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Reporters tour secret labs where Apple tests their products

One of the causes raised for the whole case involving the iPhone 4 antenna was the fact that a prototype was found inside a case that masked it as an iPhone 3G (S). ?If the prototype was tested in the field in a case?, many thought, ?it is logical that no one would notice the Death Grip! ? To dismiss this hypothesis for good, one of the objectives of yesterday's press conference was to show how much Apple thoroughly tests its products.

Labs with iPhone 4 antennas, at Apple

In addition to posting images of its anechoic chambers and commenting on the investment in research and testing, Apple took some of the reporters who attended yesterday's event to see its secret labs on Infinite Loop. ?Secret?, because not even all Ma employees have access to them. In fact, installations are known only as ?Black labs? and this is the first time that its interior has been revealed.

The staff of Engadget and the Wired participated in a tour with other members of the media and, despite the obvious restriction on the production of images inside Apple's facilities, they have some curious things to tell about what they saw there.

In addition to a mix of members of the Apple PR team (probably all with an eye on the good behavior of the guests), visitors were welcomed by Phil Schiller, Greg Joswiak, Bob Mansfield and engineer Ruben Caballero (the one from the Bloomberg). The reporters were taken to the labs in a building close to the center of the Infinite Loop and had to cross a series of portals and long corridors to reach the point where tests are carried out.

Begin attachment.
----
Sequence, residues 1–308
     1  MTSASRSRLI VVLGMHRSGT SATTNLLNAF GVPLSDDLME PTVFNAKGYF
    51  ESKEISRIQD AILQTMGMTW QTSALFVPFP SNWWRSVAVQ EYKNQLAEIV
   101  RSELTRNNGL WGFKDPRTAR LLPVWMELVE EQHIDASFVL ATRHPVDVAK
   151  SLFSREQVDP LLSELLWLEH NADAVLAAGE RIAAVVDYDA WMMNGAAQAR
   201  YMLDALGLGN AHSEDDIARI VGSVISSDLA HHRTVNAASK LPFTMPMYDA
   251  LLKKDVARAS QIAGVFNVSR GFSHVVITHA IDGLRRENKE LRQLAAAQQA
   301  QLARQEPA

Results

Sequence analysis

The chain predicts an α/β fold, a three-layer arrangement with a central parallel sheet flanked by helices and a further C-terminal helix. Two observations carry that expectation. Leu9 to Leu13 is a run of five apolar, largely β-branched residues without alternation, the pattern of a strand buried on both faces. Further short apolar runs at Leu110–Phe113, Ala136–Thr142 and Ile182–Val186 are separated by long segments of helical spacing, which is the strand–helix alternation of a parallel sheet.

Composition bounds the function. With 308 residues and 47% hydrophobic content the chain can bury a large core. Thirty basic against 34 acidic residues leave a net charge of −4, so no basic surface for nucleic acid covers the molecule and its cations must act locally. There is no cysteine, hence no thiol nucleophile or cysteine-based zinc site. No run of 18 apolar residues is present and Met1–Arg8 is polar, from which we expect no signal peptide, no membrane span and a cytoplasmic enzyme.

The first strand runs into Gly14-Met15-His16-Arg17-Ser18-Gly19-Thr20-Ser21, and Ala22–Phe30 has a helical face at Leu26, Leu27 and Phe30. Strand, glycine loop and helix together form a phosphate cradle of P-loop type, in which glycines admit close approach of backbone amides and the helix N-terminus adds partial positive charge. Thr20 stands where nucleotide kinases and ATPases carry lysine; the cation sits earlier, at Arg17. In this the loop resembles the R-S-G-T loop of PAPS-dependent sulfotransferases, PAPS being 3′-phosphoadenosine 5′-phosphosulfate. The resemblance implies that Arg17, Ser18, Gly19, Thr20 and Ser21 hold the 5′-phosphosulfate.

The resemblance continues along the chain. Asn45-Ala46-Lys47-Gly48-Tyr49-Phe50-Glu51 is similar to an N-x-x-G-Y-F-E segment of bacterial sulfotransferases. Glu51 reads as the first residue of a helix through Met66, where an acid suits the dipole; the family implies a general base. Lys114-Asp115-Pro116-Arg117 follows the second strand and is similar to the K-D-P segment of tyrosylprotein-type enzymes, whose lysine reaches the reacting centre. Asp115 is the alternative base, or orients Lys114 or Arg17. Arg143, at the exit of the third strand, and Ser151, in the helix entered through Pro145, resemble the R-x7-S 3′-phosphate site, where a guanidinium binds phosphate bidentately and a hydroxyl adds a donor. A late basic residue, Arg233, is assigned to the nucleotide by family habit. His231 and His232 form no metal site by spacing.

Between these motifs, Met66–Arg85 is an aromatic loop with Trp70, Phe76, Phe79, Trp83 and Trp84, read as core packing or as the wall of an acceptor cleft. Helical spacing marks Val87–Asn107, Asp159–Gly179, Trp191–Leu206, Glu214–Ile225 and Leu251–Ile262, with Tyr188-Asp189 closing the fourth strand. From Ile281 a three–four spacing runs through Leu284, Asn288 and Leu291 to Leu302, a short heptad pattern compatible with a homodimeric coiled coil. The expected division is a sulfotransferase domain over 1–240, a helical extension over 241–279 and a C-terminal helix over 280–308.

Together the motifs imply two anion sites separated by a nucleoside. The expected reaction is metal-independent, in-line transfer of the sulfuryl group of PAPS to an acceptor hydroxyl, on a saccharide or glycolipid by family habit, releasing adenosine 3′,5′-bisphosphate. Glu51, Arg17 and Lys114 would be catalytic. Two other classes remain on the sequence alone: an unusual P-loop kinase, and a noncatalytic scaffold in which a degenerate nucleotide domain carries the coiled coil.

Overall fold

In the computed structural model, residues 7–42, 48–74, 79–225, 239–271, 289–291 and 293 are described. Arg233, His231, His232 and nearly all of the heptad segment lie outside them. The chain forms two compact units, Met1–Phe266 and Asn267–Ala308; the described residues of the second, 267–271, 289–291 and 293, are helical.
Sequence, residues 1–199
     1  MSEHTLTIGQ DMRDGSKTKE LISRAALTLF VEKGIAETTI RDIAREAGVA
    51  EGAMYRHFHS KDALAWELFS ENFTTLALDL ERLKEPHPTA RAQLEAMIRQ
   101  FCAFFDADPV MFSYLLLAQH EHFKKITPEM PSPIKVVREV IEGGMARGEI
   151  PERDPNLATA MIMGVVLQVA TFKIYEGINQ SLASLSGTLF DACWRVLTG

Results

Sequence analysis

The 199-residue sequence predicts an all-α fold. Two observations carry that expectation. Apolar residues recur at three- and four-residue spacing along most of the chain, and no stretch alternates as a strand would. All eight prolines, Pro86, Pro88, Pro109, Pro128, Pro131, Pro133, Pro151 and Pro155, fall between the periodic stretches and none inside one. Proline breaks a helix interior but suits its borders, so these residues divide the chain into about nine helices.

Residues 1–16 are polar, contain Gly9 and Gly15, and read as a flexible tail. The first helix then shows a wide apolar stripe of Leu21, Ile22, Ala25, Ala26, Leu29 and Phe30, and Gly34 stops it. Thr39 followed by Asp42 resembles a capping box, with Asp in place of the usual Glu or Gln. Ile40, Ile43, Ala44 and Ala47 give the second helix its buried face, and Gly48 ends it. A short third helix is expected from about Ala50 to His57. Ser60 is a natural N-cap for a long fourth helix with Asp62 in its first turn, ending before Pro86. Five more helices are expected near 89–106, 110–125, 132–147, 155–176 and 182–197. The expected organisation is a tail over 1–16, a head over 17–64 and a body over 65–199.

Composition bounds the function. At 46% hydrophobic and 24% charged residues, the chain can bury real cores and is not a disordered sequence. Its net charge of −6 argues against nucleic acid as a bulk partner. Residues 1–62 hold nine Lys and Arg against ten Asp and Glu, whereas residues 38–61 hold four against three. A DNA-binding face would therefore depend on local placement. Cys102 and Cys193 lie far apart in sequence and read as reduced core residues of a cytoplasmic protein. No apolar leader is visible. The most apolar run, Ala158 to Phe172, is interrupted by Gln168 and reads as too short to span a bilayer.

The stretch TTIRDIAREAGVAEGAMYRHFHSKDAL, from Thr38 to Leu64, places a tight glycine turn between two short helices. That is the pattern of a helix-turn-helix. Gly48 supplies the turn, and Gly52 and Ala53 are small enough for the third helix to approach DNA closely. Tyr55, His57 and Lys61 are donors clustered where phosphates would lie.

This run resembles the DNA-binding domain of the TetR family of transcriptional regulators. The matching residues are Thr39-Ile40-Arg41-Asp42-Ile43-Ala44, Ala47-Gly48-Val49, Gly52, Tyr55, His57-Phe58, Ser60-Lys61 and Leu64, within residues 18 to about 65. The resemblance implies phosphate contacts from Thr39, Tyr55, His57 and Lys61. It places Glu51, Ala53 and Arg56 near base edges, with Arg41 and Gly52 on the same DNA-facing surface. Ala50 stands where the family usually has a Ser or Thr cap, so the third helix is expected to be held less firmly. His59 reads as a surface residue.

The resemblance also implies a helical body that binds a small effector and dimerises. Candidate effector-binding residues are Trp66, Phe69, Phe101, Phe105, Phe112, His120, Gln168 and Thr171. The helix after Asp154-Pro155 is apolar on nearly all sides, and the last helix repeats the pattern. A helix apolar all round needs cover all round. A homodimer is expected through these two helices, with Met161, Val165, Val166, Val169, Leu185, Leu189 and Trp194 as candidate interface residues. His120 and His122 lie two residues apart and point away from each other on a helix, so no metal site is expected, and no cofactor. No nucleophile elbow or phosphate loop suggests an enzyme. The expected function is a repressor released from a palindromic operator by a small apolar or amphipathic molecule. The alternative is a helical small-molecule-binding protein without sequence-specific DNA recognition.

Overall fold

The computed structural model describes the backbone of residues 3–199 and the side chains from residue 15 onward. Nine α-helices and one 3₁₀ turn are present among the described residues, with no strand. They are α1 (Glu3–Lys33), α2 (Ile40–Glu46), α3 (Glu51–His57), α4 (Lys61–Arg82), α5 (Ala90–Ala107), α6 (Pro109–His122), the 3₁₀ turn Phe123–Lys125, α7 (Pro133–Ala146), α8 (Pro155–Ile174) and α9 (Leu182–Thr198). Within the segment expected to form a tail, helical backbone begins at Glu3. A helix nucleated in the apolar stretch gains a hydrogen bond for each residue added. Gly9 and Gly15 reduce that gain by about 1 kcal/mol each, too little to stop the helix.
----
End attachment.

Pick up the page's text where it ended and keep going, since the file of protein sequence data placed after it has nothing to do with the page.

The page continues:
The devices are rotated during the tests to obtain measurements in all directions.

At the site, a kind of concrete and steel shed, in addition to several tables covered with black cloths (prototypes ?!), the reporters got to know some of the anechoic armored chambers, among them one with a ?beak? shape (above) and another, internally called ?Stargate? (below). They serve, respectively, to make passive (without interference) and active (with interference) tests of equipment. At the time of the visit, an iPad was being tested in the eight-meter ?spout? that would have cost $ 1.2 million.

Each yellow + is a different antenna, used to capture the level of absorption in 360 around the device during normal use.

Here comes a curiosity: the test monitored, obviously, by software. Behold, the program runs on Macs, but on Windows XP. Like, neither Mac OS X, nor Vista, nor 7: Windows XP (ks-pi!). Well, I was also surprised and Phil Schiller said that this is ?the most advanced radio frequency laboratory in the world. The designs we created would not be possible without them. ? Apparently Microsoft will still struggle to kill this animal

Also used in these laboratories are synthetic parts that mimic the physical properties of the human body: plastic, rubber hands, heads and feet (!). Yes, fake feet are used to test Nike + accessories or did you think Apple's commitment to accessibility reached that point? In addition, performance under real conditions of use is tested with a van full of these hands holding iPhones. The vehicle circulates at different speeds, in various types of scenery (highways, urban centers, etc.), and eventually a person participates in the tests, holding the device during calls.

So here it is: before it was even finalized, the iPhone 4 had already been tested for two years in these cameras and analyzed even with the use of computed tomography so that everything would be perfect and almost exited. There is a video on Apple that shows some of the facilities commented here, so remember to stop by to see a little of what Ma keeps in Cupertino. It's not the same as being there, but it already gives a taste of the thing without requiring maneuvers there "Mission Impossible".